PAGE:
There was, however, one serious problem we encountered with Uniswap integration – the swapping transactions were taking far too long to complete. We simply couldn’t afford an average response time of between 5 to 10 minutes for every such transaction for our users. One way around this problem was to make swaps asynchronous transactions.
What we did was essentially change Uniswap transactions into long running actions. Instead of a completion status of their transaction, users would now get an immediate update that their transaction had been accepted, together with their request IDs. Meanwhile, the transaction would move to long running actions where backend workers would take care of all the callbacks or status updates on users’ behalf. And only once a transaction had been completed from Uniswap’s end would we let the ledger, the wallets, and the users know that they had received funds in their accounts.
Apart from token swaps, another feature the client requested was having one consolidated vault for all their users’ funds. Suppose there are 10 users with $10 worth of funds each in their respective wallets. What the client would do is take all these $100 worth of funds and put them in a central vault, much like what your bank does when you deposit funds in your bank account.
For this, we created a sweeping logic which was again a backend task that ran every defined number of hours. When users received funds, they would end up in their wallets. But as soon as they did, there would be a sweeping action that swept the user wallets into a more secure central vault. On the paper or ledger, users would still own their funds and could do all the transactions. It was just the physical location of the funds that was moved centrally.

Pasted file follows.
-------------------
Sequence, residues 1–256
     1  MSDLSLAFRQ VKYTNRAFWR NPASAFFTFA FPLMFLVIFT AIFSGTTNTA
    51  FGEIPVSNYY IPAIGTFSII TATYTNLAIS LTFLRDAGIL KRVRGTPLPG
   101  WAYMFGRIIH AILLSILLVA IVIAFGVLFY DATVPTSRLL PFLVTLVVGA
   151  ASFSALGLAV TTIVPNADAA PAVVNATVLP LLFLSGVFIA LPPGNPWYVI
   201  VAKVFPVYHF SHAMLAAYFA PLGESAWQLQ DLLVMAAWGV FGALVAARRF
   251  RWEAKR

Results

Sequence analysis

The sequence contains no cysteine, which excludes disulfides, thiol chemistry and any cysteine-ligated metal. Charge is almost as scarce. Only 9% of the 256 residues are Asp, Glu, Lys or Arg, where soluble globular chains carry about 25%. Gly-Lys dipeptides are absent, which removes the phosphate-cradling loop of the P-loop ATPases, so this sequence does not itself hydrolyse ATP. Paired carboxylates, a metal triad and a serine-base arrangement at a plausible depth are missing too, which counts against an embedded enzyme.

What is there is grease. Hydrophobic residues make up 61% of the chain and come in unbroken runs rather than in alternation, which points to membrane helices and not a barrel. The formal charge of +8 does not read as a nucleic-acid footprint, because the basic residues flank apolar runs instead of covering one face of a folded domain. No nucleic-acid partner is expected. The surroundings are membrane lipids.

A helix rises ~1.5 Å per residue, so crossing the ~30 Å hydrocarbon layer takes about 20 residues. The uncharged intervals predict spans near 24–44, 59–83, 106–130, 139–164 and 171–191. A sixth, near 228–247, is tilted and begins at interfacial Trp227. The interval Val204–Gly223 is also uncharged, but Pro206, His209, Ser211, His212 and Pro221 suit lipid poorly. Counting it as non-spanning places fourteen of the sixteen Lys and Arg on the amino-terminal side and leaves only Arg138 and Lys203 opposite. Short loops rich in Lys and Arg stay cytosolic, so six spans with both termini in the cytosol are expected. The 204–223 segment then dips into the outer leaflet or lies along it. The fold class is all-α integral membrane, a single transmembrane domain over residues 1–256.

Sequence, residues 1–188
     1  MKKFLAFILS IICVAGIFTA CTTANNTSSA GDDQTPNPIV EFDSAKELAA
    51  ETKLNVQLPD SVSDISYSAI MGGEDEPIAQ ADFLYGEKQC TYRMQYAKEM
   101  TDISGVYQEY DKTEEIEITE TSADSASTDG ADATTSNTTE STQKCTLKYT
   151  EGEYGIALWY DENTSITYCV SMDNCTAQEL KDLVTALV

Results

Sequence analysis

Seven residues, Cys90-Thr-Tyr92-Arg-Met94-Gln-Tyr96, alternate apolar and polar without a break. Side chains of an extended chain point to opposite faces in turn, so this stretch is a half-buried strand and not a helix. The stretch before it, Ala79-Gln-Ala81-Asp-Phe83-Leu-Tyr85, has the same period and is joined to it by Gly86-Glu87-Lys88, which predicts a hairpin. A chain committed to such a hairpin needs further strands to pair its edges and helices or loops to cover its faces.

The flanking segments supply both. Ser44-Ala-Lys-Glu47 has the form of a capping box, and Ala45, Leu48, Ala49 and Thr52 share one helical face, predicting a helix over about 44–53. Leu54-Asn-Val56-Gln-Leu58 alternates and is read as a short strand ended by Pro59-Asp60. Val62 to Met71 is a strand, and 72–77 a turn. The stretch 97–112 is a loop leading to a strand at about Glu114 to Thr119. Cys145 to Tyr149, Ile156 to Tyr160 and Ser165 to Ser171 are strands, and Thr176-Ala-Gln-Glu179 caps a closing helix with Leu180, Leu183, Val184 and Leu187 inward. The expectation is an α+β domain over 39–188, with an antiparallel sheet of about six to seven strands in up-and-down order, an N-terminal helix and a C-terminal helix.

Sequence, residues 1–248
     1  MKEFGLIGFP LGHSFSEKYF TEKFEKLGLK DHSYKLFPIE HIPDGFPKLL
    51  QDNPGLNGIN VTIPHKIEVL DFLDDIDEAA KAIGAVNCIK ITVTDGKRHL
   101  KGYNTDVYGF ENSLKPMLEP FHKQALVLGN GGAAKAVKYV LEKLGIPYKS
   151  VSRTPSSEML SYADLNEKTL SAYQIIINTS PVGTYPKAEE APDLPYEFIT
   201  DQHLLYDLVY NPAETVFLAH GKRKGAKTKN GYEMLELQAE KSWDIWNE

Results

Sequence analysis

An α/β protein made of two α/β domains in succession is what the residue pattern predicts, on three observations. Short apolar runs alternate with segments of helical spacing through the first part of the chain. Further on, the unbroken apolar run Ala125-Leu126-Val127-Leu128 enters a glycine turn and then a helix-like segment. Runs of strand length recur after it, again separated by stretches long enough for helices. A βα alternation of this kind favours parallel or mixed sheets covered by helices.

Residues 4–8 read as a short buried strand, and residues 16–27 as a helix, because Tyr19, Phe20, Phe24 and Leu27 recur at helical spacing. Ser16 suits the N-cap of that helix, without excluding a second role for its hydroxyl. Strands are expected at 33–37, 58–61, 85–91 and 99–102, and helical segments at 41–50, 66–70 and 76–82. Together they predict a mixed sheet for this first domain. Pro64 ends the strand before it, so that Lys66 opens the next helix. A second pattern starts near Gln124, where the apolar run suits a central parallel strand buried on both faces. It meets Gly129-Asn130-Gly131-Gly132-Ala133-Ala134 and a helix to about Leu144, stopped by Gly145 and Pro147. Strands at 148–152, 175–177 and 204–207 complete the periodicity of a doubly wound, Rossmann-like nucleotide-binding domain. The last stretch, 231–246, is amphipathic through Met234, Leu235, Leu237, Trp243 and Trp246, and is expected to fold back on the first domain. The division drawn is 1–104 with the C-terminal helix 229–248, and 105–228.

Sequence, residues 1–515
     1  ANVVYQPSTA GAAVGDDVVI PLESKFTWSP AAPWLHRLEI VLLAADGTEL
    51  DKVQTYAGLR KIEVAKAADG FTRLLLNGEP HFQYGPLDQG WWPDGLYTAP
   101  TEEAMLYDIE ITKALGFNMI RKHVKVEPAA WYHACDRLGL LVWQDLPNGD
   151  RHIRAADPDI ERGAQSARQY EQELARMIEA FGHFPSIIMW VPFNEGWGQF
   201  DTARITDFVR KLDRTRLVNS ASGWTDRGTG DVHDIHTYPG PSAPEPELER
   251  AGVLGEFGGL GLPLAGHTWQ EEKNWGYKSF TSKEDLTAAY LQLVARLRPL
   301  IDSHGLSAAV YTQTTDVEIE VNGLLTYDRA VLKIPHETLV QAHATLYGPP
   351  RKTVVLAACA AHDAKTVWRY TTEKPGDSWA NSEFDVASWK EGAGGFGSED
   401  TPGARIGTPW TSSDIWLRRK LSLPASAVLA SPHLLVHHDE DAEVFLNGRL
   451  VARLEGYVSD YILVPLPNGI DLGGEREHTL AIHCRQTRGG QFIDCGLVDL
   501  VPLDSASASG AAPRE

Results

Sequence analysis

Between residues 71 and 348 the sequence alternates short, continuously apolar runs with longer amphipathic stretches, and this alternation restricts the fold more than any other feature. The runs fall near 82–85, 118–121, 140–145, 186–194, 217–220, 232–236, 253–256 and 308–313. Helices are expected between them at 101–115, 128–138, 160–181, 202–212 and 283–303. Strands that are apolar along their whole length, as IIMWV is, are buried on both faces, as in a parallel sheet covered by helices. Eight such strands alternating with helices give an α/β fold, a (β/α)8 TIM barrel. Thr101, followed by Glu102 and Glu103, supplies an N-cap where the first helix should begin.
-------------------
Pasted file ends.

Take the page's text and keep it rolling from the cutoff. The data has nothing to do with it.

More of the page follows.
All in all, our team managed the client’s successful migration from Binance to Fireblocks as the backend layer and built a stateful service using our own business logic on top of it. We also enhanced the functionality of their crypto services by including token swapping, as well as improved their asset security by writing the sweeping action.
Tintash’s close partnership with this client remains ongoing. Our team is currently engaged on solving two critical problems for this client.
Firstly, we are helping them further expand the scope of their crypto services by allowing for cross-chain swaps i.e. exchanging ETH for BTC, or ETH or BTC for Polygon. Much like we had integrated Uniswap to allow users to swap funds while remaining on the Ethereum Blockchain, we are in the process of integrating SimpleSwap, a cross-chain service provider, which will allow users to exchange one chain’s funds with another chain’s.
Secondly, we are integrating public readers into their platform. While running Uniswap transactions, Fireblocks’ update callbacks were missing a lot of critical information. This was so essential a feature since it enabled sending users an update on how much funds they had received. Such a major lapse on Fireblocks’ end, now our client’s main backend provider, posed a critical problem.
Our team has been working on a solution that circumvents Fireblocks for this particular use case. Since the information of these transactions was available on the blockchain and public readers, we ran a quick discovery to identify the five leading public network readers, compare their feature sets and cost estimates. Out of those five we proposed, the client selected Etherscan and Ankr, the two public readers we are currently in the process of integrating.